Mineral or synthetic heat transfer fluid?

How thermal fluid choice impacts performance and maintenance

In any process that requires indirect heat transfer, it’s essential to select the appropriate thermal fluid for the application — whether it’s for heating processes in power generation or cooling products in food processing. But with so many heat transfer fluids on the market, reviewing options can be a time-consuming task. Here Clive Jones, managing director of thermal fluid expert Global Heat Transfer, explains the properties of mineral and synthetic heat transfer fluids, when to use each and how to maintain the fluid accordingly.

Taking the time to select the best thermal fluid for an application will improve a variety of factors, such as heat transfer efficiency, system performance and maintenance costs. So where should manufacturers start?

Mineral vs synthetic heat transfer fluids

The right temperature

Matching the fluid to the application’s temperature is important because it will determine safety and efficiency — fluid choice can also impact heat transfer reaction speed, improving productivity. Thermal fluids must reach and maintain specific temperatures for prolonged periods, so choosing a fluid that offers thermal stability at the outlined temperature is crucial to maintaining uptime.

Manufacturers should look at both the highest and lowest operating temperatures outlined on the technical data sheet. Considering the heat transfer reaction speed could also impact productivity — comparing fluids and selecting a product with faster heat flow can reduce start-up time.

Chemical composition

A thermal fluid’s chemical composition will often dictate its operating temperature range. Thermal fluids fall into two categories — mineral and synthetic. Mineral-based thermal fluids contain complex hydrocarbon molecules and additives that enhance thermal stability and other properties that impact performance.

Synthetic thermal fluids, on the other hand, are specially formulated using carefully selected chemical compounds, such as glycol-based and silicone-based fluids. These fluids are chemically engineered to provide enhanced performance and stability at both high and low temperatures.

Making the choice

When deciding between mineral or synthetic fluids, thermal fluid experts such as Global Heat Transfer, can advise on the best fluid based on reviewing several factors, including temperature range and chemical compatibility with the system. Mineral thermal fluids are popular because of their cost-effectiveness, reliability and availability, and have been on the market for decades. Mineral thermal fluids offer excellent thermal stability at moderate temperatures. However, when heated to elevated temperatures for prolonged periods, they may degrade at a faster rate, negatively impacting heat transfer efficiency.

For applications that demand thermal stability and efficiency at both higher and lower temperatures, synthetic fluids can improve performance. Synthetic thermal fluids are engineered to operate effectively in more demanding industrial heating applications because of their wide operating temperature range, exceptional heat transfer efficiency and excellent resistance to degradation, corrosion, and fouling.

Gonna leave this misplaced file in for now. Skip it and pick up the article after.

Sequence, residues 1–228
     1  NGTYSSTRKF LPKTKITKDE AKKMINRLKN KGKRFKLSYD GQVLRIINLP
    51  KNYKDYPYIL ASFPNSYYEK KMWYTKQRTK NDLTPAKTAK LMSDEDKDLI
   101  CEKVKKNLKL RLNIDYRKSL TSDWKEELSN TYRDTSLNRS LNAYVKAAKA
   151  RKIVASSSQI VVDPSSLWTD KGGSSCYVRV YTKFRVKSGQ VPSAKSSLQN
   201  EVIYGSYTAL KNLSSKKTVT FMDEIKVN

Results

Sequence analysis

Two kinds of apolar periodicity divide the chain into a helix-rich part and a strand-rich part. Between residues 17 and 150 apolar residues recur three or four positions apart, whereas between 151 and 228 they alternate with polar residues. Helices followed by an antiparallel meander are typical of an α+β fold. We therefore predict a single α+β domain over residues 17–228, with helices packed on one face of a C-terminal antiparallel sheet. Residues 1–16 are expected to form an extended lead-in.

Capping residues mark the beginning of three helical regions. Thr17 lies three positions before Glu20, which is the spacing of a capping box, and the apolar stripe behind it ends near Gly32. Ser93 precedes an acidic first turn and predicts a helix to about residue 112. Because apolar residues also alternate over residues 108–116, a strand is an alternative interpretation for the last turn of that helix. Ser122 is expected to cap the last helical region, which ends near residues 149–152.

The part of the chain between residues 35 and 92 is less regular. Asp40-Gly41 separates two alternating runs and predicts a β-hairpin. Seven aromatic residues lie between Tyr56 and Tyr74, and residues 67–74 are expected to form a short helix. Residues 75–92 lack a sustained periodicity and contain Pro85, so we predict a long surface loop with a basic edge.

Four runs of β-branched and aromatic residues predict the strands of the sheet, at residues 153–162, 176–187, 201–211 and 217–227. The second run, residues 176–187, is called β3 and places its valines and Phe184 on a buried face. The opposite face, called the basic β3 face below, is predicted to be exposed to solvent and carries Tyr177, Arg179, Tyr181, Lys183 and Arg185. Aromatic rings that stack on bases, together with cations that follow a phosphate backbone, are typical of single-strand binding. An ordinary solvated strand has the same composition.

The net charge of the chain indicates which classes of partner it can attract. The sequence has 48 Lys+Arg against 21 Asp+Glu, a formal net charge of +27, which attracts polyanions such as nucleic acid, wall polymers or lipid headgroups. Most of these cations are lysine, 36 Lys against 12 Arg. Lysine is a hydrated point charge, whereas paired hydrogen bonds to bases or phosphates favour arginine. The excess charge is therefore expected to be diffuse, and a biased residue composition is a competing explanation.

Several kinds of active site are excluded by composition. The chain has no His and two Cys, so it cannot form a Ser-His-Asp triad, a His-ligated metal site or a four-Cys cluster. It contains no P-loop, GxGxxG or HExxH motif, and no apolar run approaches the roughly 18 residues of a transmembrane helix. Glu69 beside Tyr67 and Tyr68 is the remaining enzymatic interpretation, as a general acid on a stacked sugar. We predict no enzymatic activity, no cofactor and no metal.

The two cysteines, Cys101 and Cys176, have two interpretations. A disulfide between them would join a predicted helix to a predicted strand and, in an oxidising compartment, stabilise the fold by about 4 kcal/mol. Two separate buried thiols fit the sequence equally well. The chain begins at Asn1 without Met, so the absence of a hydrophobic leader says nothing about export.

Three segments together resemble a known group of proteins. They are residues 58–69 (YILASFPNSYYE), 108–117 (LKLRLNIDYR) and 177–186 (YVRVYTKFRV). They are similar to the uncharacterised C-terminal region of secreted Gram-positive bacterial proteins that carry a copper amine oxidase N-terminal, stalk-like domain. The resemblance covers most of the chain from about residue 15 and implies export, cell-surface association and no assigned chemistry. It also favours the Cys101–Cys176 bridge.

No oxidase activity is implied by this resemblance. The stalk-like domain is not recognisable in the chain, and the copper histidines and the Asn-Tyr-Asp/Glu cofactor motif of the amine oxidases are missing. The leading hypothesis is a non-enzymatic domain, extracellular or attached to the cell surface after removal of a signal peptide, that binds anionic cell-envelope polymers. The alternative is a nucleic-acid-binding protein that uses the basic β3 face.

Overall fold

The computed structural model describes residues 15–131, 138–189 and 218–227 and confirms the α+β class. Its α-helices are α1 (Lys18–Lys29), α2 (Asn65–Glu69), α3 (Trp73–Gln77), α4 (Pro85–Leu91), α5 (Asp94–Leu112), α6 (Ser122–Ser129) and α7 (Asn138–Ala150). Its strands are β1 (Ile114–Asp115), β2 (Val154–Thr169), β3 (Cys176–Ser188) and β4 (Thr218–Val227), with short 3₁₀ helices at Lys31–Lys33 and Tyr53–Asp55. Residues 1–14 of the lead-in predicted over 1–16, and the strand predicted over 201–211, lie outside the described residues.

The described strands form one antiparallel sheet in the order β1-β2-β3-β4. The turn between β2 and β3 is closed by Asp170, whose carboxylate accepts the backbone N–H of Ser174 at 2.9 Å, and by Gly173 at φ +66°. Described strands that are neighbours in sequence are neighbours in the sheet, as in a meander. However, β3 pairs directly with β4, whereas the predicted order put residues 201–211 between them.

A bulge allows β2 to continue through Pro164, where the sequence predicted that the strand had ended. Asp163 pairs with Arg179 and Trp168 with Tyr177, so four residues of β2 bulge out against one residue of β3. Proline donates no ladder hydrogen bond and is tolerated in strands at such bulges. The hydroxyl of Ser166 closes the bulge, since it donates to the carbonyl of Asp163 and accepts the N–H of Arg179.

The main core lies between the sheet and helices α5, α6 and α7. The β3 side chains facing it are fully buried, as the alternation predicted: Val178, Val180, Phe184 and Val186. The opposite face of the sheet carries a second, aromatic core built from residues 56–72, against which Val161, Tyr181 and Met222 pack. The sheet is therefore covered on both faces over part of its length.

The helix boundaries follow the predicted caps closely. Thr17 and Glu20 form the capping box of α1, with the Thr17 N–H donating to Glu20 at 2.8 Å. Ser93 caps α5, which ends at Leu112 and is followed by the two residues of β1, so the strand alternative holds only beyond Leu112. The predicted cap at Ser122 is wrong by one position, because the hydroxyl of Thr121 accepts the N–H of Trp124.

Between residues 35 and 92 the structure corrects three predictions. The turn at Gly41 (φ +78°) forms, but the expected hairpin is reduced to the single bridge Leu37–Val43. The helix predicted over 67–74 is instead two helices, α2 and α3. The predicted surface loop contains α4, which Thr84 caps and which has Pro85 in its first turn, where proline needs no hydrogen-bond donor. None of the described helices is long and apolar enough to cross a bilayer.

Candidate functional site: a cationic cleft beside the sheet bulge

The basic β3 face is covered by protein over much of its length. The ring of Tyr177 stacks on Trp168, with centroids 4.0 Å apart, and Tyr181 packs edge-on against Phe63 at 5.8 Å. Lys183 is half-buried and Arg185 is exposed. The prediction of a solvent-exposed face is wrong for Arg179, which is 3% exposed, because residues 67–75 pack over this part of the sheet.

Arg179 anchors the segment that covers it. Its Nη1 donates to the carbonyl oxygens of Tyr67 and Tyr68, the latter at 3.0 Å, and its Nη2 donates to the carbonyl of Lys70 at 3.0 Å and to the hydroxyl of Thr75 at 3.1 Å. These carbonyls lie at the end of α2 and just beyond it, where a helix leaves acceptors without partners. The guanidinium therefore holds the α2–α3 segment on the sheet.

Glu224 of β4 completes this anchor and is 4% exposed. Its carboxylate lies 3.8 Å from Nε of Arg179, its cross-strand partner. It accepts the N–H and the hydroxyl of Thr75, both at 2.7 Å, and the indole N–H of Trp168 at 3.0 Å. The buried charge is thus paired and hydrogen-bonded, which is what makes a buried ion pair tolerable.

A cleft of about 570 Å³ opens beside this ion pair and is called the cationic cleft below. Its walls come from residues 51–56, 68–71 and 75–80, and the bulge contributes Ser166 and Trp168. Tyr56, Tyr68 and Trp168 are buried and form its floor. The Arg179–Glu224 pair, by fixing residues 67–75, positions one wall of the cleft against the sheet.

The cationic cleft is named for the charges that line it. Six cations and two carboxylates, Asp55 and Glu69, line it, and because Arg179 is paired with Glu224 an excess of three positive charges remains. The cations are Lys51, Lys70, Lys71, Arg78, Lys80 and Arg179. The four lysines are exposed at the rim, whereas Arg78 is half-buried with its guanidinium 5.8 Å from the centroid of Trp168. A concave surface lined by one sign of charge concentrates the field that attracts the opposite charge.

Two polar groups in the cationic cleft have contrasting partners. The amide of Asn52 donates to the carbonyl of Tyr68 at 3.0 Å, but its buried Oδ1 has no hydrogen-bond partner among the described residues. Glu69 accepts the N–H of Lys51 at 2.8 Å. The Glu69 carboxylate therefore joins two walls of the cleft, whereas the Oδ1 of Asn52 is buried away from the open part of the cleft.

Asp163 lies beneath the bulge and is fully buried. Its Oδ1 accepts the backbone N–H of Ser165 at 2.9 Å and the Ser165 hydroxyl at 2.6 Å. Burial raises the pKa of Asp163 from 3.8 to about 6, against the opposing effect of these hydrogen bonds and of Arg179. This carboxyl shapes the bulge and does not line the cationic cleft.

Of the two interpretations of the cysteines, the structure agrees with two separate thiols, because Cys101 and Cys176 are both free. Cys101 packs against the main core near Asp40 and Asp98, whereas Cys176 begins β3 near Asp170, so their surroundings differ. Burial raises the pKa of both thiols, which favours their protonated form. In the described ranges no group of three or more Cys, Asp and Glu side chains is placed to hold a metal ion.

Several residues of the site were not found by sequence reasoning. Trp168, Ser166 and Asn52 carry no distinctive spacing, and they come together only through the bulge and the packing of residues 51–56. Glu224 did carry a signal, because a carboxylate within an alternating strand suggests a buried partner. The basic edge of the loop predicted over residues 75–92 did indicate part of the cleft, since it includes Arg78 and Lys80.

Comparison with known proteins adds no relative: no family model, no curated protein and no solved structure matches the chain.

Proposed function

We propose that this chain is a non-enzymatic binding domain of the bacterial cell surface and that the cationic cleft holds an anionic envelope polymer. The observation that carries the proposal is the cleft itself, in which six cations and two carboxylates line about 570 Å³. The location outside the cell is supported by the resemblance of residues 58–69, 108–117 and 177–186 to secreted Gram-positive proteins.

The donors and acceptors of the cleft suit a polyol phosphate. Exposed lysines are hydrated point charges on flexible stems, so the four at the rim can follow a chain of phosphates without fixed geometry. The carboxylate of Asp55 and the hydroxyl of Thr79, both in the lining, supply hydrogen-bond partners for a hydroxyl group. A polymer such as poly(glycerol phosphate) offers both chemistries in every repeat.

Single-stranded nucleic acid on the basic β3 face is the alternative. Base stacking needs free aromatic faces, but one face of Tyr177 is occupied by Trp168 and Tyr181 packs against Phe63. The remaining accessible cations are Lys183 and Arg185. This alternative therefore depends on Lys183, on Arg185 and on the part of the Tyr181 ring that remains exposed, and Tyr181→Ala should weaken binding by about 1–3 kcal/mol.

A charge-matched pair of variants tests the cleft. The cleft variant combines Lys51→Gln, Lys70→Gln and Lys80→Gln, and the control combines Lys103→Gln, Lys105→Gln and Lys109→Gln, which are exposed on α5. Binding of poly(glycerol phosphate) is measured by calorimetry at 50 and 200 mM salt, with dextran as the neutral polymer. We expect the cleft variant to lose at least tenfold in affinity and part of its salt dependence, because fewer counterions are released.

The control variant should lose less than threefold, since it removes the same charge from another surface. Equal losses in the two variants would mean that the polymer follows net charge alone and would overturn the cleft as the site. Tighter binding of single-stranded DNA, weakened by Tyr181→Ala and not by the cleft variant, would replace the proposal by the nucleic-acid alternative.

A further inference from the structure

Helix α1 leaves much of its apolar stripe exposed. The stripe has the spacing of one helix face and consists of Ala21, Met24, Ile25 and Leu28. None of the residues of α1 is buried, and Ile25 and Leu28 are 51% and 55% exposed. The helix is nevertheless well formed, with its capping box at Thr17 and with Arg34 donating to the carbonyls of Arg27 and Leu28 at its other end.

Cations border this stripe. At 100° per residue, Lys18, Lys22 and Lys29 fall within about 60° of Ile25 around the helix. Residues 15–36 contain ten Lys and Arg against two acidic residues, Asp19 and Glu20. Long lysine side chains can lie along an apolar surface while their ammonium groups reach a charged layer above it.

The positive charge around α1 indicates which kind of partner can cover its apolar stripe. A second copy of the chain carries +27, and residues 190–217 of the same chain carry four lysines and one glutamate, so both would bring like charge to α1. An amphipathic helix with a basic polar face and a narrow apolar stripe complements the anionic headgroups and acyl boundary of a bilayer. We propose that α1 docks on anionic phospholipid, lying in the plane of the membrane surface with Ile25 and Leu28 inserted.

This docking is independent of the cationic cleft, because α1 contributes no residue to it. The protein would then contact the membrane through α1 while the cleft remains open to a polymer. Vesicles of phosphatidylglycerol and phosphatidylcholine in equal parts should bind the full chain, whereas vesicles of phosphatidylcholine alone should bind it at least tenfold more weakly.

While mineral fluids may seem the more cost-effective option, they do not always offer the heat transfer efficiency required and can increase long-term maintenance costs. Synthetic fluids on the other hand will maintain thermal stability, efficiency and performance across a broader temperature range, maximising uptime.

Maintaining synthetic fluids

Proactive maintenance is important when using any heat transfer fluid to increase productivity and reduce maintenance costs, but engineers should adapt procedures based on the fluid they use.

Because of their limited temperature range, as mineral thermal fluids near the end of their lifespan thermal cracking and oxidation cause the fluid to degrade. As the fluid approaches the very end of its practical lifespan, there is a gradual curve that drops off quickly — the degradation curve. This gradual curve before the drop is a grey area where engineers can still manage the fluid. To mitigate for by-products of degradation, such as sludge and carbon deposits, plot condition and anticipate the degradation curve, engineers should regularly sample fluid to understand its condition. Synthetic heat transfer fluids are designed to be more resistant to degradation, but engineers will still benefit from routine representative fluid sampling and analysis.

By drawing a sample when the system is hot, closed and circulating, engineers can send it for analysis and gain an accurate representation of what’s happening inside. Engineers can trend condition over time, monitoring for any signs of change in thermal fluid quality that may impact production and plan maintenance accordingly.

When choosing a thermal fluid, manufacturers can narrow down the list of options by first understanding if they need a mineral or synthetic thermal oil. By carefully assessing the process requirements, temperature range and potential maintenance costs, manufacturers can make an informed decision on what fluid will deliver the thermal stability and performance required.

Looking for the best heat transfer fluid for your application? Speak to the experts at Global Heat Transfer by visiting www.globalhtf.com/heat-transfer-fluids/.